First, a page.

The last surviving senior leader of Cambodia’s Khmer Rouge has denied ever committing any crimes against humanity saying he only ever wanted “independence and sovereignty” for his country.
Khieu Samphan, 90, is appealing a conviction of genocide committed during the regime’s brutal rule more than 40 years ago.
Part of Pol Pot’s inner circle and former head of state, he was found guilty of genocide against a Vietnamese minority by a UN-backed court in 2018.
Speaking at the end of the appeal hearing in Cambodia’s capital, he denied any involvement.
“I declare that I cannot accept the accusation that I was involved in a plot to commit crimes against my compatriots including the Cham and the Vietnamese,” he said.
“After many years sitting as a defendant at the end of this long case it is important for me to inform you, and especially inform the Cambodian people, that I never wanted to commit a crime against my compatriots or against anyone else.”
The Khmer Rouge under Pol Pot, who was known as “Brother Number One”, ruled Cambodia with an iron fist between 1975 and 1979.
It is estimated 1.7 million Cambodians died during the three years and eight months they were in power as they pursued their vision of turning the country into an agrarian utopia.
Survivors have described it as a period marked by terror, where dissent could be fatal and where starvation and forced labour ended many lives.
Many victims were buried in mass graves at the country’s notorious “killing fields”.
In 2018, in addition to genocide, Khieu Samphan was found guilty of a range of crimes against humanity and war crimes including forced marriages and rape.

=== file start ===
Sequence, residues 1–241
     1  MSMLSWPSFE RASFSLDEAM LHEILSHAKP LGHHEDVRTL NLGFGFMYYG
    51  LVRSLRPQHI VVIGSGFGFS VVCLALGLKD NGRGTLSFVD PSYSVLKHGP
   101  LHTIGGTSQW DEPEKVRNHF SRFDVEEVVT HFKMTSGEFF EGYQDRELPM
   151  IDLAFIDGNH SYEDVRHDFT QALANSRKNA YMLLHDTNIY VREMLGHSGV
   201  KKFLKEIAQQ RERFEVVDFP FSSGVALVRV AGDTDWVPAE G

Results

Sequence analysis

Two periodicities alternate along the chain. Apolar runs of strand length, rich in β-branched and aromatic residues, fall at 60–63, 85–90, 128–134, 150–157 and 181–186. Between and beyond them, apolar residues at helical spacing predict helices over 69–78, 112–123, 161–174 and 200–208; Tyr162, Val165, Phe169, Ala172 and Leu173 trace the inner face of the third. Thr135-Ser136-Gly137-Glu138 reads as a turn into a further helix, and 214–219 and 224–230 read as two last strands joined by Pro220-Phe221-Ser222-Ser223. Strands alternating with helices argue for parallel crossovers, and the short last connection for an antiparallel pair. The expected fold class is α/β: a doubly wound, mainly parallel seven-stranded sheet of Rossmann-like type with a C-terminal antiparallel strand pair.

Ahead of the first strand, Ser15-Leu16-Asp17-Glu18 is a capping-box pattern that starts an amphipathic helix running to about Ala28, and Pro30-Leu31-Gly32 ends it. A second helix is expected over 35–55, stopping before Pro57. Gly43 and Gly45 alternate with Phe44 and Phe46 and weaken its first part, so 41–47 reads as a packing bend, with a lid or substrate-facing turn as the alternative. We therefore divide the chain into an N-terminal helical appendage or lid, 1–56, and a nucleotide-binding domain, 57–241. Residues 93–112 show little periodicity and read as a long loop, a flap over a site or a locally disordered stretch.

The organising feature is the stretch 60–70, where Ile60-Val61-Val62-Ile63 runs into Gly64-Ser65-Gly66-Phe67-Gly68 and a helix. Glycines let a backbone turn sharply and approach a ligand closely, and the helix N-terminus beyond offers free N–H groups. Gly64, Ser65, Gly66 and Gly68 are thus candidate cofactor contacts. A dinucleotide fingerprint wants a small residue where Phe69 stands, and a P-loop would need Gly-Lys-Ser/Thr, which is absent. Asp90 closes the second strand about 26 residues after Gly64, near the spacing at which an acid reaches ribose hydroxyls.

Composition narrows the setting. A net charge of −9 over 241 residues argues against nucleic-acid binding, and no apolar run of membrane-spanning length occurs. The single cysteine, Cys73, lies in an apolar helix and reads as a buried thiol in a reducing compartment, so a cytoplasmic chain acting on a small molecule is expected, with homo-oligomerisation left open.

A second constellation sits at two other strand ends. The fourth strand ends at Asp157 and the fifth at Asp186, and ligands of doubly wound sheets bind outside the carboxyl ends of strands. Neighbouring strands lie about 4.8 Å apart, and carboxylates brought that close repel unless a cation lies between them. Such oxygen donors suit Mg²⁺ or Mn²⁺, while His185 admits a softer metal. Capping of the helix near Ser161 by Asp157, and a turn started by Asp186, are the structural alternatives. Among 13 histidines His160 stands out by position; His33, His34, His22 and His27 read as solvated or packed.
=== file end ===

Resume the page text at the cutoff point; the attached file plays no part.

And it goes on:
He was jailed for life alongside, “Brother Number Two”, Nuon Chea who died in 2019.
Khieu Samphan was primarily convicted under the principle of joint criminal enterprise, under which individuals can be held responsible for the actions of the group to which they belong.
His defence team has argued there were procedural errors in the original Extraordinary Chambers in the Courts of Cambodia trial and challenged the evidence against him, denying he had ordered others to commit crimes.
At the start of proceedings lawyer Kong Sam Onn told the Supreme Court judges they should dismiss the previous judgment as “null and void”, claiming his client had been denied the right to a fair trial.
Wearing a face mask and sitting to address the court as proceedings drew to a close, the accused claimed he was being punished as a proxy for the radical communist regime.
“The trial chamber has demonstrated its inability to adjudicate me impartially,” he said, “It is clear that through me, the chamber was, rather, targeting the Communist Party of Kampuchea.”
The prosecution refute this saying the evidence was “extensive, diverse and compelling”.
They also argued Khieu Samphan was described as Pol Pot’s “shadow” and claim his close association with those at the very top and his own senior role meant he had knowledge of the decisions and orders being made.
The long-running tribunal has so far only reached guilty verdicts against three top members of the regime with several dying while on trial or before indictments were made.
A final judgment in today’s appeal is expected in 2022.
Even if Khieu Samphan’s genocide conviction is overturned, he is already serving a life sentence for crimes against humanity following a guilty verdict at a trial in 2014, upheld in 2016 following an appeal.
Today, he told the court he was only ever motivated by a desire to secure independence and sovereignty for his country while acknowledging he would likely never be freed from jail.
“No matter what you decide I will die in prison, I will die always remembering the suffering of my Cambodian people,” he said.
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